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vsphere 5 vRam licencing c&*k up

Discussion in 'Virtual and Cloud Computing' started by dales, Jul 13, 2011.

  1. dales

    dales Terabyte Poster

    Oh dear, what do you guys think of the vSphere 5 announcement and vRam entitlement, Its still a little early for me to get a totally informed opinion on it but by what I've read so far they are doing quite a good job of possibly pricing themselves a little out of the market they announced they want to own (effectively they have asperations of being the cloud infrastrucutre product of choice). Those cloud machines run some beefy hardware requirements and from what I've read so far just by switching to v4 to v5 the licencing cost can jump by 50%.

    Whereever I've seen vsphere installed the cpu has never been the bottleneck (mostly used) but the Ram is, so by relaxing the per processor licencing and tightening the ram licencing you've just increased the costs of running the rocking the same hardware.

    Sorry vmware I love your products but from what I can gather so far this could be the faux par citrix and MS need to creep in a little further on the market.
    Certifications: vExpert 2014+2015+2016,VCP-DT,CCE-V, CCE-AD, CCP-AD, CCEE, CCAA XenApp, CCA Netscaler, XenApp 6.5, XenDesktop 5 & Xenserver 6,VCP3+5,VTSP,MCSA MCDST MCP A+ ITIL F
    WIP: Nothing
  2. ThomasMc

    ThomasMc Gigabyte Poster

    I can understand why people are getting upset by it, seems like the hike from hell but since I'm Essentials Plus lics it doesn't really affect my little environment too much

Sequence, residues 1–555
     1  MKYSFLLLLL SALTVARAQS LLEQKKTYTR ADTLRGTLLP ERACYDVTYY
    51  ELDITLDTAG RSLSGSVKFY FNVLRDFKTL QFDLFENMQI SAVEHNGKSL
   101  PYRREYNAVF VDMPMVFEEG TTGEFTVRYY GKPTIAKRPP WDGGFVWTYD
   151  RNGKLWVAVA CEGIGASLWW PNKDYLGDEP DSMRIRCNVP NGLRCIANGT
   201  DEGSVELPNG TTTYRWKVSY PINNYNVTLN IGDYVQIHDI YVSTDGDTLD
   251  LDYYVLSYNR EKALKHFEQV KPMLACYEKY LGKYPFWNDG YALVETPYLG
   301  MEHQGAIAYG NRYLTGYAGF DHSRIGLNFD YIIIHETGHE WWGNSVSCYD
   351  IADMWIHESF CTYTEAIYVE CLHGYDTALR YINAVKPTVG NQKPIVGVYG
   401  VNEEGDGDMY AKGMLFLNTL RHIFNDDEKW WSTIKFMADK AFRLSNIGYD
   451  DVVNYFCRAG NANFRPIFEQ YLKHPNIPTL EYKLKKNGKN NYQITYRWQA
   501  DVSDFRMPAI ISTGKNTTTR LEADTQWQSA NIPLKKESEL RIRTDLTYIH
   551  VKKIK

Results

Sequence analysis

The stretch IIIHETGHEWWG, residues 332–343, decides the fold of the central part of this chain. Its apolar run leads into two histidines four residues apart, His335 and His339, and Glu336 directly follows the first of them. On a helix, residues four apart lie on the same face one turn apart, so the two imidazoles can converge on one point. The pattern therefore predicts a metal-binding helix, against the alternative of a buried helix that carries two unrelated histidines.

6CPU*24GB vRAM = 144GB of pooled vRAM over 3 Hosts(cost $4,495)

    which is more than enough for me but I'd imagine the big players will be paying through the nose with the new model
    Certifications: MCDST|FtOCC
    WIP: MCSA(70-270|70-290|70-291)
  3. zebulebu

    zebulebu Terabyte Poster

    Slippery slope.

    EMC are trying to monetise the product any way they can, since they know that most shops that are going to run enterprise-level VMWare have already gone down that route and are locked in, there's little opportunity for 'new' vsphere deployments at the massive end of the scale, but plenty of opportunity to exploit enterprises that are already locked into it. Most places I know run ESX/vSphere the same as us - hosts at about 15-20% CPU capacity and 55-60% RAM.

    Typical 'big player purchases excellent product and annihilates it by buggering existing users' story
    Certifications: A few
    WIP: None - f*** 'em

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